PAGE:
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"Wajiro"

 

An idiom is an expression whose meaning is not readily apparent based on the individual words in the expression. This forum is dedicated to discussing idioms and other sayings.


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Old June 28, 2008, 12:00 AM
cubarey cubarey is offline
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"Wajiro"

I need to know definition and devivation of the term Wajiro.
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  #2  
Old June 28, 2008, 12:16 AM
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A quick search seems to indicate that there are numerous restaurants with Wajiro in the name. From one website:

Quote:
Cuba is the largest island of the greater Antilles. On this fertile and rich land lives the peasant who is kind, hard working and good natured. Cubans affectionately call him "Guajiro".

The Guajiro goes about his daily tasks with his wide brimmed hat made of "Yarey", white Guayabera (a traditional shirt), tabacco in his mouth and a machete and gaitero.
So I think Wajiro is a spelling variation of Guajiro. But then, if you're the King of Cuba, you should know that.

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Old June 28, 2008, 12:31 AM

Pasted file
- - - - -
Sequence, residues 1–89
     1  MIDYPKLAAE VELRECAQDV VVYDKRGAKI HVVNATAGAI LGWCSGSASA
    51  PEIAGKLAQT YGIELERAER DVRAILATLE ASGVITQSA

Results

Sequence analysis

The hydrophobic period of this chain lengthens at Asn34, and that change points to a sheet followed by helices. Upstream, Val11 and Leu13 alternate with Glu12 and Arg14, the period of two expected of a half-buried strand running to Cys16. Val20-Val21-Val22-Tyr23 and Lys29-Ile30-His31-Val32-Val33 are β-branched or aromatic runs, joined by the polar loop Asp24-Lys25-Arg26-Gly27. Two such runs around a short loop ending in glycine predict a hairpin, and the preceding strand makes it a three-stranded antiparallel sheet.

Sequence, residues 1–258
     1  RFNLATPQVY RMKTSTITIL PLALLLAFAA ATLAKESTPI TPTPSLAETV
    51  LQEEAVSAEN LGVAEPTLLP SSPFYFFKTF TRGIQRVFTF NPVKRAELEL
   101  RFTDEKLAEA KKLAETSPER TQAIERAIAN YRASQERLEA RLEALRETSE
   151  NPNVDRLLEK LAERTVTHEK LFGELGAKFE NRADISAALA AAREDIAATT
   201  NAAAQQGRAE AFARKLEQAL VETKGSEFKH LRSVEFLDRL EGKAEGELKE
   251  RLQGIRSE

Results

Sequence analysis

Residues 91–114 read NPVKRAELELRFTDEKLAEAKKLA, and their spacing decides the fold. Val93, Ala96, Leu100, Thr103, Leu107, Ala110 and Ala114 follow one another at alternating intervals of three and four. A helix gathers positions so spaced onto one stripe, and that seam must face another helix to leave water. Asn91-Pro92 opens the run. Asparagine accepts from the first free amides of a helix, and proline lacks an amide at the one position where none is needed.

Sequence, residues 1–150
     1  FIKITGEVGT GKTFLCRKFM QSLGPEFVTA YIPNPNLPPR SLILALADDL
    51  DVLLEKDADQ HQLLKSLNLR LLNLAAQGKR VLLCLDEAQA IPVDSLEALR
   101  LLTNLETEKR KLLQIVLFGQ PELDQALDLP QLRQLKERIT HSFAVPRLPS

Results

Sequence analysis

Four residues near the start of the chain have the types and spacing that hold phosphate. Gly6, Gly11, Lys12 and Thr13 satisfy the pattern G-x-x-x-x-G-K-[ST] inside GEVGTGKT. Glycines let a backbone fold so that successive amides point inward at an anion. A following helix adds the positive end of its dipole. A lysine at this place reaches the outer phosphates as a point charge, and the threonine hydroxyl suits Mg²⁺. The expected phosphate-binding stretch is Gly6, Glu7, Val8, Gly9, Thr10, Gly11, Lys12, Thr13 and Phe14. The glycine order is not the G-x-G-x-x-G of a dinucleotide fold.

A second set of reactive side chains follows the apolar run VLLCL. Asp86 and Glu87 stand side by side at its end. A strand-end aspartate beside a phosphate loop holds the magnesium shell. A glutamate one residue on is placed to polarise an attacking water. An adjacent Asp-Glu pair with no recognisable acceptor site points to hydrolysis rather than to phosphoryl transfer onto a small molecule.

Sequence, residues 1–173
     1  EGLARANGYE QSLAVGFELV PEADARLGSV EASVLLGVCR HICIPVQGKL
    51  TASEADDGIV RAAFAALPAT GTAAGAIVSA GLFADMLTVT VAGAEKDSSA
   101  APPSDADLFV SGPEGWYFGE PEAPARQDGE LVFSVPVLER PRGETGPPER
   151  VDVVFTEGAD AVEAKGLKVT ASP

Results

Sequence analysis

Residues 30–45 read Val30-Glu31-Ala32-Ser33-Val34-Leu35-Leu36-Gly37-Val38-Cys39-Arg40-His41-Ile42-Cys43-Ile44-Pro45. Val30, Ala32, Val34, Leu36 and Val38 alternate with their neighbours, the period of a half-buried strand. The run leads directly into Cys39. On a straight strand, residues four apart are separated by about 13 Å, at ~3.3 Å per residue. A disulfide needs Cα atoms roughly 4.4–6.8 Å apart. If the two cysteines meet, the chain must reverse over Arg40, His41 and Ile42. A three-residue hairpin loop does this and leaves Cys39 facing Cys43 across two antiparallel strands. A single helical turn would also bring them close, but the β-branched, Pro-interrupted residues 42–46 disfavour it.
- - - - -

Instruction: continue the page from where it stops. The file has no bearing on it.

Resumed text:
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On this fertile and rich land lives the peasant who is kind, hard working and good natured. Cubans affectionately call him "Guajiro".


Problem of course is that as an exiled King raised in New Jersey I lack a bit of the nuances that by birthright should be mine. Actually from the way I remember the word used it could Also mean hillbilly, redneck, and a stubborn, narrow minded and cheap one at that. I was trying to find out its derivation and whether it was originally meant as a pejorative synonym for campesino.
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Old June 28, 2008, 02:23 AM
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Ok, I found a few more snippets of information:

Guajiro (Wayuu, Goajiro, Guajira) is an Amerindian ethnic group of the La Guajira Peninsula in northern Colombia and northwest Venezuela; Or the language they speak. Dictionaries also say guajiro is synonymous with peasant, farmer, campesino, rural person, so your description (hillbilly, redneck) is probably not too far off. As far as etymology goes, the term 'Guajiro' may be derived from the Arawak langauge.
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Old June 28, 2008, 09:35 AM
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The only use of guajira/o that I could think of is in the song Guantanamera.
http://en.wikipedia.org/wiki/Guantanamera

Note the paragraph that speaks of ambiguity in the song's lyrics.
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Old August 29, 2011, 06:08 AM
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Quote:
Originally Posted by Tomisimo View Post
A quick search seems to indicate that there are numerous restaurants with Wajiro in the name. From one website:

So I think Wajiro is a spelling variation of Guajiro. But then, if you're the King of Cuba, you should know that.

Welcome to the forums, by the way!
I understand that after the Hispanoamerican War around 1898. The american Generals thanks the Cuban soldiers that help to win that war.
And call them "WAR HEROES" and from that comes what is call an "anglicismo" or "barbarismo" that translate the word to "WAJIROS"...
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